Volition is an overly ambitious film that largely manages to meet its lofty goals despite a shaky foundation.
Overall, Volition feels like Director/co-writer Tony Dean Smith and co-writer/brother Ryan W. Smith are taking some inspiration from Christopher Nolan’s Memento and Rian Johnson’s Looper.
James (Adrian Glynn McMorran, Arrow) has a unique gift that allows him to see glimpses into the future. The visions are erratic and very random, which doesn’t make them the most useful abilities.
Still, it’s clear James isn’t making the most of his talents and is barely making rent for his shabby apartment above an auto repair shop. James’ luck changes after a random encounter with Angela (Magda Apanowicz, The Green Inferno), a beautiful passerby he saves from being robbed or raped in broad daylight.
James seems sorta skeevy and it’s hard to say exactly why Angela is drawn to him. Maybe you could overlook that, but the Smiths cant explain why she would ask to take a shower in a complete stranger’s apartment.
Volition offers some fun cinema puzzle moments, but it would have been so much better if the James/Angela dynamic — a key component of the film — was handled better.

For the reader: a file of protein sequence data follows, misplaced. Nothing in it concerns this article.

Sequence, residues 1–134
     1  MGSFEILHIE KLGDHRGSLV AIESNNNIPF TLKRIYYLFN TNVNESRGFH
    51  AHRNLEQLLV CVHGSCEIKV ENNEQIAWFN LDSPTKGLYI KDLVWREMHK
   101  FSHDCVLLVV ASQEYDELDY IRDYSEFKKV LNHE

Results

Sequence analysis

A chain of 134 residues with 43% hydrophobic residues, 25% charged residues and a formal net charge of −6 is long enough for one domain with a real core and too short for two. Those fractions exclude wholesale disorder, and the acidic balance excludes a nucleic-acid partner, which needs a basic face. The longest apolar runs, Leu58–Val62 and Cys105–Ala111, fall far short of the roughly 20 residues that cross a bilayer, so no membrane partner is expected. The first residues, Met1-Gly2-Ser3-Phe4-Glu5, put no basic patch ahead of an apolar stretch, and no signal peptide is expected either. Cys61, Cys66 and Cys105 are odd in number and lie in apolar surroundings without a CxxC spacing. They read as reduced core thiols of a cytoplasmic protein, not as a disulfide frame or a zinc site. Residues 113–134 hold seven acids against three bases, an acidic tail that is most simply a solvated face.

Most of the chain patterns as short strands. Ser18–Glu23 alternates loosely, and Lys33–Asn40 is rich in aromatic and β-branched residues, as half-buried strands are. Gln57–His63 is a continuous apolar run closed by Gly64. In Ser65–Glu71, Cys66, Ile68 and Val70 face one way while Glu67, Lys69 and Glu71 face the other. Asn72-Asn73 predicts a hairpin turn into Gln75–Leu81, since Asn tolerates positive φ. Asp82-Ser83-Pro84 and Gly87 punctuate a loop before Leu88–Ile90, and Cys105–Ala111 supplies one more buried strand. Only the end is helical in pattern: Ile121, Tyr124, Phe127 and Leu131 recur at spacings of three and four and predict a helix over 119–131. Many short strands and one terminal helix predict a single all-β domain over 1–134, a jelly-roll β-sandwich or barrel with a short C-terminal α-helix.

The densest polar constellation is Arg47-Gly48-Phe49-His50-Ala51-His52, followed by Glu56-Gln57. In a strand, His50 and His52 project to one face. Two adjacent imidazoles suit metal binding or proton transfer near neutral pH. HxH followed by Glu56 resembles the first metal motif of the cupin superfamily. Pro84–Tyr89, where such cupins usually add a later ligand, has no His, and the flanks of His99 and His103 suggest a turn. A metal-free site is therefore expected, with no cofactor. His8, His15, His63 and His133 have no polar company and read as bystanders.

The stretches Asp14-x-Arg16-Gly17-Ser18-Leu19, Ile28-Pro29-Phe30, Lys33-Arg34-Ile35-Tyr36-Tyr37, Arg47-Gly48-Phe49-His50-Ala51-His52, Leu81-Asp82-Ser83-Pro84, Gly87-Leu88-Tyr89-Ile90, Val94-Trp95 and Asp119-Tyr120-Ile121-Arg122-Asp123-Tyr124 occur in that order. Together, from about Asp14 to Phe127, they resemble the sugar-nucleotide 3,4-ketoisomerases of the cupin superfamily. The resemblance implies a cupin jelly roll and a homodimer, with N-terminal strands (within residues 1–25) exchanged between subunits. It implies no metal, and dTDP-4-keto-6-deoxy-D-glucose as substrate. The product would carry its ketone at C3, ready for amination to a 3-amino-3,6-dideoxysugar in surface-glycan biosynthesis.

This makes it tough to buy Angela sticking around when things start going crazy for James. Two goons are gunning for the $10 million in diamonds his (ex?) mob boss Ray (John Cassini) asked him to analyze. James hasn’t figured out their path, but knows he’ll end up dead.
When guys start shooting at the guy she just met, this would be a clue for Angela to just leave. And she would if she wasn’t so vital to the story.
It’s a rocky starting point, but once that’s settled, Volition becomes pretty fun as it plays with the origins of James’ abilities beyond the standard time stream. To say more would ruin the clever setup, which pays off a lot of the seemingly disjointed moments from earlier.
To the Smith Brothers’ credit, these disjointed moments don’t come off like they’re hastily thrown in to make sense in hindsight. It becomes more of a puzzle and the pieces all eventually fit. Again, the one weak element is Angela’s role.
McMorran does a nice job making James a slacker skirting through life while Apanowicz does her best with a role that doesn’t allow her character to have much depth or personal agenda.
Tony Dean Smith handles the transitions well where there’s a clear distinction of what’s happening at certain moments. That becomes key the further the film progresses. I’m not sure if the film would have been improved significantly from a visual standpoint if it was a big budget release.
With stronger incentive for Angela to stay involved, Volition would be one of my top smaller budget films of the year. It’s still entertaining though and in a year of limited quality options you don’t have to be forced to give this a watch.
Rating: 7 out of 10
Photo Credit: Giant Pictures